“I didn’t say no to [the] trade,” Phillips told Mark Bowman of MLB.com. “I didn’t really know what was going on. When I heard about it, I was like, ’For real, why didn’t you guys make that happen?’ That’s why I didn’t want to say anything or to call anybody out. I never said I didn’t want to play for the Atlanta Braves. I’m here now, and I’m very happy.”
Regardless of the cause, the Braves temporarily abandoned their goal of trading for Phillips, which led to their signing of Sean Rodriguez in free agency at the end of November. That disappointed Phillips, who had his “head down a little bit” afterward, but the shoulder injury Rodriguez suffered in a car crash last month put Phillips back on Atlanta’s radar. The Braves ultimately picked up the 35-year-old Phillips last Sunday for two minor league pitchers who lack big league potential, and they’ll take on just $1MM of the remaining $14MM on his contract. While Bowman notes there are “some concerns” regarding the left hand injury Phillips suffered late last season, the Braves simply couldn’t pass on Phillips at such a minimal price.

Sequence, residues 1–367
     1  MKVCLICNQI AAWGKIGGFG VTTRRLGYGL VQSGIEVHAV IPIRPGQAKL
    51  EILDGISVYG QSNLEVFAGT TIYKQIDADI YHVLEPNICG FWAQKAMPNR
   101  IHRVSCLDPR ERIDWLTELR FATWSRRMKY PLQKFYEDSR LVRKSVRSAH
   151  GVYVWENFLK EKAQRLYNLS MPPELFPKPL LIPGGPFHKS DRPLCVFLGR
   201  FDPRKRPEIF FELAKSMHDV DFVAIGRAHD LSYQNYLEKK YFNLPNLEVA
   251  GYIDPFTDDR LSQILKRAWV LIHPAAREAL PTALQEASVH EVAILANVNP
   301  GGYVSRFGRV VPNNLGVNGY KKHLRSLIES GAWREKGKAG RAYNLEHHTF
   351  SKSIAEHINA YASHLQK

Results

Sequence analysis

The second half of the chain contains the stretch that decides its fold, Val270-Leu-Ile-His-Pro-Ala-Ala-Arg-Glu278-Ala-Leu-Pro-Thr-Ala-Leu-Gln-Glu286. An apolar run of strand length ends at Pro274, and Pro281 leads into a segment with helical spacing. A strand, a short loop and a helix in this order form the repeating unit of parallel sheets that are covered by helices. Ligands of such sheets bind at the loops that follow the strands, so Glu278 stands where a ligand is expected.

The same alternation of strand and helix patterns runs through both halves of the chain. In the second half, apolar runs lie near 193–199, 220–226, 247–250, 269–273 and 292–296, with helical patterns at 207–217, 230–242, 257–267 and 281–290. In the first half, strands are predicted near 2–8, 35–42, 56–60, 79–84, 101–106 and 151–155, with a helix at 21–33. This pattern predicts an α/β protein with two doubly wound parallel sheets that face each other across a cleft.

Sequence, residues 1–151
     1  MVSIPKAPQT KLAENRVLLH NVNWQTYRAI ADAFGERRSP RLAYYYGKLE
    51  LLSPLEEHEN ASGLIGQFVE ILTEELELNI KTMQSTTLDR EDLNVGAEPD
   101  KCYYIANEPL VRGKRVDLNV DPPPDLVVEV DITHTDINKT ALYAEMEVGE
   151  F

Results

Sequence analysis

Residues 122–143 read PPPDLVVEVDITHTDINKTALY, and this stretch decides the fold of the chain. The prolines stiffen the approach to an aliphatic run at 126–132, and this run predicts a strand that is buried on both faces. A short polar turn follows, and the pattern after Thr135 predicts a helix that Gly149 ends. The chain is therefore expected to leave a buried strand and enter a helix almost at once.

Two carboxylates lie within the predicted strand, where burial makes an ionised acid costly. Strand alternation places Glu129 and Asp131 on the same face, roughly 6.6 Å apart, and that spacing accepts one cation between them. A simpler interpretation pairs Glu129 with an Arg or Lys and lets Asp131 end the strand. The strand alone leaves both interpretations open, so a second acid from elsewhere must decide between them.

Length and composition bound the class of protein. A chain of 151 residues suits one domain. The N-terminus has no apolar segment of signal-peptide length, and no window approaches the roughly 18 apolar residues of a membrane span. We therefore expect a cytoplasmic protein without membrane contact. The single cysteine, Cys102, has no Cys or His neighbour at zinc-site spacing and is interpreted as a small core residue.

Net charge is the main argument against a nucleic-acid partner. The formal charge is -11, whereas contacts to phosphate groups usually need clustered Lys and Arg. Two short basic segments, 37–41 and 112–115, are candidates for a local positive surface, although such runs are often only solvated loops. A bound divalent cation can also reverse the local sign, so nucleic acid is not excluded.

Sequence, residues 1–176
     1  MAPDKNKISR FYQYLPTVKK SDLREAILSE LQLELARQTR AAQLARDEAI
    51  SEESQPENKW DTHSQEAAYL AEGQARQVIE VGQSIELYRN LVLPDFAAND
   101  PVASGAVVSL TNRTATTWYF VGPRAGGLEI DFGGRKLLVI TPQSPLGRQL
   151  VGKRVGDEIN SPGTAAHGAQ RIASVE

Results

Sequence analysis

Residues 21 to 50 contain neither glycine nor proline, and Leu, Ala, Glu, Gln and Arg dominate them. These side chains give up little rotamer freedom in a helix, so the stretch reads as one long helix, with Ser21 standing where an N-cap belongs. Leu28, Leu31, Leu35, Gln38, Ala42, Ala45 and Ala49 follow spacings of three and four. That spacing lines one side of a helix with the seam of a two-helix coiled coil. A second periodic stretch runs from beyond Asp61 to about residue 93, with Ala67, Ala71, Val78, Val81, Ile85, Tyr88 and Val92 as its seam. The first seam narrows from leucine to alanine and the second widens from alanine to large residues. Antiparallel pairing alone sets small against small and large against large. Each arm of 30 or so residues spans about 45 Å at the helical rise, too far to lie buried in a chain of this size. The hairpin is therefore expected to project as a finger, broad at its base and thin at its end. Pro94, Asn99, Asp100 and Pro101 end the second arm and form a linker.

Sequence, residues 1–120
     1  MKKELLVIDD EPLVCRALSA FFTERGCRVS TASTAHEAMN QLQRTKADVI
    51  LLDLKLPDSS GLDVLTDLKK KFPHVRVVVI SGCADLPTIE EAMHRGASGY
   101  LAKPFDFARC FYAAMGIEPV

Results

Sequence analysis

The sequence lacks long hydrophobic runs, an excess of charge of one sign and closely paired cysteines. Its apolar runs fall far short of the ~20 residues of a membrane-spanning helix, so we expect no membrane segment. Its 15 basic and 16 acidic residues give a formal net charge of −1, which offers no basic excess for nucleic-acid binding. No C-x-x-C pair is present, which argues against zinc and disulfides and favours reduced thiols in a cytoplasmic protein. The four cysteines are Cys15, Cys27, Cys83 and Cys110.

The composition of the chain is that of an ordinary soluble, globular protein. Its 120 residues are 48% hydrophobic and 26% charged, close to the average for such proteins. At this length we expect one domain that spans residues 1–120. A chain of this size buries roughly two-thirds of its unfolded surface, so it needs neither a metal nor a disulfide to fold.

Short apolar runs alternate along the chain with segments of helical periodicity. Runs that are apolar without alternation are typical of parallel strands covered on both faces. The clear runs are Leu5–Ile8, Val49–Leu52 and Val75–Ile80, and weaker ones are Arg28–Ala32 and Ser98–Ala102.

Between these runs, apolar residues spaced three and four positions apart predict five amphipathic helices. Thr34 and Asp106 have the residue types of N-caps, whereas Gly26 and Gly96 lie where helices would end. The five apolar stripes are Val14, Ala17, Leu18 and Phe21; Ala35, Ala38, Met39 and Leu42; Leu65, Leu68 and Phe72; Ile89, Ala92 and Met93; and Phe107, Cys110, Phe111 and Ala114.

For Phillips’ part, he was “jumping for joy” when the move became official. Phillips had to waive his 10-and-5 rights in order to make it happen, and it surely helped the Braves’ cause that he’s a Georgia native who owns a home near their new stadium, SunTrust Park. “It was like I signed my first check or something,” said the three-time All-Star.
“I wanted it to happen a long time ago, but things happen,” added Phillips, who had been a Red since 2006. “There are different sides. I never thought it would happen, but I told my agent, ’You’ve got to make this happen.’ I miss Cincinnati. That’s always home. But Atlanta is my home, home.”
If healthy, Phillips believes he “can be one of the best players in this game” – a level he hasn’t reached in several years. More realistically, Phillips should be a satisfactory stopgap in 2017 for an improving Atlanta club which is anticipating high-end prospect Ozzie Albies’ forthcoming major league debut. Albies, 20, reached the Triple-A level as a teenager last season and now ranks between 11th and 26th on the top 100 prospects lists of Baseball America, ESPN’s Keith Law and MLB.com.